Margot’s serves a small pizza menu in a new 7th Ward spot | Food and drink | Weekly Gambit

At Margot’s, the new pizza and cocktail restaurant on Frenchmen Street above Avenue Saint-Claude, there are some things you can’t eat.

There are no fries, fried oyster po-boys, or red beans and rice. These dishes are not on the menu because the kitchen does not have a fryer or even a stove. And that’s not going to change.

But what chef Adrian Chelette is happy to whip up for diners are eight flavors of wood-fired pizza. The pies are baked in just under two minutes at 850 degrees, resulting in a blistered sourdough crust that has just the right amount of chewiness. There are also two salads – a house salad with buttermilk ranch dressing and a Caesar with homemade croutons and charred peppercorn dressing.

“When we were ready to put together the menu, we just wanted to do what we could do well and not overload the staff,” says Chelette, who previously took care of the kitchen and was co-owner of Ancora, a pizzeria. from rue Freret. “The kitchen is quite simple. What you see is what you get. No burners, no fryer. Just the oven and a place to make salad.

Margot’s has been in the works longer than the 2-year-old after whom the restaurant is named. New Orleans cocktail veteran Brad Goocher bought the building and has spent the past five years renovating it. He and his wife Amanda and their daughter Margot live upstairs, with the small restaurant downstairs. The restaurant space is well designed, with a row of booths flanking a wall opposite the Goocher Bar. The kitchen, with its sliding glass doors and commanding pizza oven, is aft.

Since opening in early April the restaurant has been busy and the staff remains a challenge. “I even asked a friend from Texas to stay with me and work during Jazz Fest,” Chelette says.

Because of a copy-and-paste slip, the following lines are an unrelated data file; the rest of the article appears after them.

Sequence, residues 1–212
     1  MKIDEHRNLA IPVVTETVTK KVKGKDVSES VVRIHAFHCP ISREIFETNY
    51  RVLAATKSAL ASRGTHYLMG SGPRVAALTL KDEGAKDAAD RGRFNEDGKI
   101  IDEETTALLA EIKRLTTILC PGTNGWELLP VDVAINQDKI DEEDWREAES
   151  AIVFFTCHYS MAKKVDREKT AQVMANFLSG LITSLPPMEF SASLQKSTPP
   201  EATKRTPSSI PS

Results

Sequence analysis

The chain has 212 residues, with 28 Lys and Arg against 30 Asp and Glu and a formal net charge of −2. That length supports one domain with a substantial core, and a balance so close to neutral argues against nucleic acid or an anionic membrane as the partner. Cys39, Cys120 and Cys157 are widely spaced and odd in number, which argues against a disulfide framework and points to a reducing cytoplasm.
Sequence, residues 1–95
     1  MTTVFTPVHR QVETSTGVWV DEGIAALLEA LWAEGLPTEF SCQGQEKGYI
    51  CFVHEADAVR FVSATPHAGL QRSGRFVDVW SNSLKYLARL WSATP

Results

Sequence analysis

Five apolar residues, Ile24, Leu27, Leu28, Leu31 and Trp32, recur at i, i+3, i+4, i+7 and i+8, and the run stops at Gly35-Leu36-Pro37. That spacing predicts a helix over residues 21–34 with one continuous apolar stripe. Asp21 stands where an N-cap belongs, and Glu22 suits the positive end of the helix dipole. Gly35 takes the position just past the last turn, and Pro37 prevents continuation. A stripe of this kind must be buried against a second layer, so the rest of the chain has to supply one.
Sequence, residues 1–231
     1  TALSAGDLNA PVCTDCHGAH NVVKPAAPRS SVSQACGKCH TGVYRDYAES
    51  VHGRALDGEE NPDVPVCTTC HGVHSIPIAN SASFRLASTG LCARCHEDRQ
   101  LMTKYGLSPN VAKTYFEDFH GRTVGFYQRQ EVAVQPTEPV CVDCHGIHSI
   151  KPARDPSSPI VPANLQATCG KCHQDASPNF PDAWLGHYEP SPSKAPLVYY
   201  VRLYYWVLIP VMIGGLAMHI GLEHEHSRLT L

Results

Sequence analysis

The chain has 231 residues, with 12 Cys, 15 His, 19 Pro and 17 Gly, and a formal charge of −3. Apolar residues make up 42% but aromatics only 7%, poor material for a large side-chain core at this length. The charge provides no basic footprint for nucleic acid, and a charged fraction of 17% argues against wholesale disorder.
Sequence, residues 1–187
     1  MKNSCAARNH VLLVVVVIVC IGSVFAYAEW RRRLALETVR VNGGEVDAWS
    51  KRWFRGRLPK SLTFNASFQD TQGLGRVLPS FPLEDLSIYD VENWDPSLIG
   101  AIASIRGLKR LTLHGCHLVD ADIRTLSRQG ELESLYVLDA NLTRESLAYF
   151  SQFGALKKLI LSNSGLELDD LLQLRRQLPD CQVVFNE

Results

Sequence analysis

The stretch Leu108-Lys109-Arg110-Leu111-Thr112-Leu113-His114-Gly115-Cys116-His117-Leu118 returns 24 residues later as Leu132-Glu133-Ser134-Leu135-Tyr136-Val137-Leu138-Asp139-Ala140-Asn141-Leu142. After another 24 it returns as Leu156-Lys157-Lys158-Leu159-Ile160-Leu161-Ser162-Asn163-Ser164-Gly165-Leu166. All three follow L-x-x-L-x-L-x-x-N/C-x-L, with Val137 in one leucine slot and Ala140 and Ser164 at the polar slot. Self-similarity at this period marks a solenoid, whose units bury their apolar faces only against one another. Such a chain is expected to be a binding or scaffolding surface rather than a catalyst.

He averages 100 pizzas a night, including takeout, he says. Online ordering for pickup is available on the website, and once Jazz Fest is in the rearview mirror, the restaurant will use Door Dash for delivery. When the restaurant is full the noise level is considerable making quiet conversations difficult.

“Keeping everyone happy here is number 1 right now,” he says. “There is plenty of time to expand the menu and hours as we go.”

For now, Margot’s is open Thursday through Monday. Diners can build their own pizza from a $13 Margherita, with its base of tomato sauce, fresh mozzarella, basil and olive oil. Additional toppings such as minced garlic, pork sausage, and mozzarella cost between $1 and $3 each. The list of eight homemade pies includes the Supremo, with ricotta, pepperoni strips, sausage, pepperoncini peppers, sliced ​​red onions and Pecorino-Romano. The Inverno is a vegetarian option with roasted sweet potatoes, mascarpone, honey, chili flakes and black olives.

Chelette says he was surprised to find Cavoletti pizza selling better. The tart contains confit garlic, ricotta cream, buffalo mozzarella, lemon zest and finely chopped Brussels sprout leaves. It’s a winner, bright with citrus notes and the crunch of fresh greens.

“I didn’t think people would be so crazy about a pizza with Brussels sprouts on top, but they are,” he says.

Goocher previously worked at Cane and Table. At Margot, her menu includes five variations on a Negroni. “The idea was like, hey, what if someone makes a Negroni and doesn’t make it in Florence?” Gocher said.

Each version uses a base spirit, a bitter spirit, and a fortified wine, but the flavor profile is different in each. The San Juan is inspired by the pina colada, with pineapple rum, cappelletti, coconut-infused vermouth and lime bitters. The Warsaw uses beet infused vodka, Bitter Bianco, dill vermouth and absinthe. All of the infused spirits are made in-house, and while the variations are tasty, the classic Negroni is still her favorite.

Goocher’s cocktail menu is longer than the food menu, with a range of spritzes (topped with prosecco) and cocktails ranging from an old-fashioned rhubarb to an espresso martini mixed with cold brew.

DJ Piazza takes care of the wine selection. The house’s red and white wines come from a small producer in Italy’s Piedmont region, and there’s no set wine list. Piazza will offer a range of wines from small cellars that changes seasonally.

The food and drink menus are compact, but they offer a concentrated taste of Italy.

Jarred I. Zeringue grew up in the River Parishes, where he learned to cook at home. He got into the restaurant business after Hurricane K…

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